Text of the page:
NEW YORK ( – Billed as a protest against demolition of public housing in New Orleans, a demonstration here touched on the destruction of public housing across the nation. Protestors also turned out in Chicago, Los Angeles, the Twin Cities and New Orleans to condemn destruction of public housing, according to organizers.

According to activists, the Department of Housing and Urban Development has laid out plans to demolish New Orleans’ four largest housing developments, some 5,000 units, and replace them with “mixed-income” neighborhoods.

“This will drastically reduce New Orleans public housing by 82 percent at the cost of $762 million,” according to the New York Solidarity Coalition with Katrina & Rita Survivors.


“It’s a scheme to push long-time residents out of prime real estate; and that will drive up rents, so that even the supposedly affordable new units would be out of reach for many of the long-time residents who are fighting to keep the badly needed housing open,” said Ivy Parker, a New Orleans resident.

“There was no damage to those structures, so why can’t the people go home and reoccupy those units? Housing is a human right,” argued Joetta Chestnutt, a Gulf Coast survivor and coalition member. The protest was held Nov. 13.

Derek Norvell, of Concerned Citizens of Greater Harlem, told The Final Call the demolition of public housing is a national problem. “A third of Chicago’s public housing is gone. In New York, we have lost close to 30,000 units,” Mr. Norvell said. He added that Atlanta plans to demolish all of its public housing.

Activists charge that HUD’s demolition strategy is part of a longstanding campaign to dismantle the U.S. public housing system that began in the 1970s. The campaign, they say, was based on the belief that concentration of the poor into segregated ghettos condemned them to a permanent cycle of poverty, crime and drugs. Much of the housing is also located on land that has become valuable over the years and has attracted the attention of developers.

According to the National Low-Income Housing Coalition, HUD began its demolition program in earnest in the 1990s by encouraging the destruction of 100,000 units. Since then, local public housing authorities across the nation have destroyed at least 78,015 units, under HOPE VI, a national revitalization program. Those units are not replaced on a one for one basis.

“Sure we have a war in Iraq, but we also have a war here in America against poor people,” NY ACORN executive director Bertha Lewis told The Final Call. Public housing in our cities is lost, and the Democrats can do nothing to stop this administration, said Ms. Lewis.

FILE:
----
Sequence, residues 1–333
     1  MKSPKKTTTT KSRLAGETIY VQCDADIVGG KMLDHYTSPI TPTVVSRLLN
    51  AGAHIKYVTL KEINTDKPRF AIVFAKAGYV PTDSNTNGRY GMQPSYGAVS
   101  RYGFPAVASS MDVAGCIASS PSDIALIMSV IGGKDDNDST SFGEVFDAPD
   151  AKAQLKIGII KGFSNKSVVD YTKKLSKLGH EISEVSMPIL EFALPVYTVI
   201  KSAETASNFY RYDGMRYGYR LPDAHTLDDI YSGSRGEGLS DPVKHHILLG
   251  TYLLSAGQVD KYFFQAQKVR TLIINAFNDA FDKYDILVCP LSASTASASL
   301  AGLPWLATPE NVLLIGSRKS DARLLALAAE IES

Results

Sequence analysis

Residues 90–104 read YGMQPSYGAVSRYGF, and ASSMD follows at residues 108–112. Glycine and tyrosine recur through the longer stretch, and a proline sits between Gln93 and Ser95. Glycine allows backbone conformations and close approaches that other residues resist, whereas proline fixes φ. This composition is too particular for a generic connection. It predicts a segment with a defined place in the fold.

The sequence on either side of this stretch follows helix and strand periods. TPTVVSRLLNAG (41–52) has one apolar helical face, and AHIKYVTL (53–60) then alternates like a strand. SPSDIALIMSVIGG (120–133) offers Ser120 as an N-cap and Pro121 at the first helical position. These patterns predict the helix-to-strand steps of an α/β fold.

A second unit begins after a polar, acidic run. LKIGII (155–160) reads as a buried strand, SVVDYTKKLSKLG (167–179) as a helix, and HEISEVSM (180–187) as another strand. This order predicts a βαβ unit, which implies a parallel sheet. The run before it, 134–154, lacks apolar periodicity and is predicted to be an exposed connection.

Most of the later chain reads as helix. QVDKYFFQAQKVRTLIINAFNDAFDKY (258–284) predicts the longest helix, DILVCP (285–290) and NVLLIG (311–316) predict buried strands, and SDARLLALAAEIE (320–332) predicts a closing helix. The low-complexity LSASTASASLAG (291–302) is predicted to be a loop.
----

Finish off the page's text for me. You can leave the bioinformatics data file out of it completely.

“So, until there is a new administration there will be no commitment to public housing. We have been crying in the wilderness for a long time now,” she said.

The longtime ACORN activist talked on her cell phone to The Final Call while attending a press conference in lower Manhattan, calling on New York City’s lawmakers to end discrimination against Section 8 families.

Citing the refusal of landlords to lease to Section 8 families, and a recent dramatic increase in the number of New York families receiving the federal subsidy, ACORN wants the city to adopt a law to ensure that landlords will rent to Section 8 tenants, or face penalties. Chicago, New Jersey and Washington, D.C. all have similar anti-discrimination laws.

Given that HUD is ignoring the pleas of housing advocates to stop demolition, “the only thing people can do is take things into their own hands. They are going to have to take over the buildings,” said Ms. Lewis.

The Black community must educate itself on developing the land that is being laid bare by HUD, said Deidre Brewster of the Chicago-based Coalition to Protect Public Housing. “We realize we don’t have HUD’s ear, so we must turn to our elected officials. When we can do that we will turn the corner,” Ms. Brewster said.

According to Ms. Lewis, the years 2008-2009 will be the time that ACORN plans to engage the city council’s Black and Latino Caucus, the Black and Latino Caucus of the NY State Legislature, “and our Black Caucus friends in Washington.”

“They have the numbers to stop this affordable housing erosion and we mean to see that they do their jobs,” Ms. Lewis said.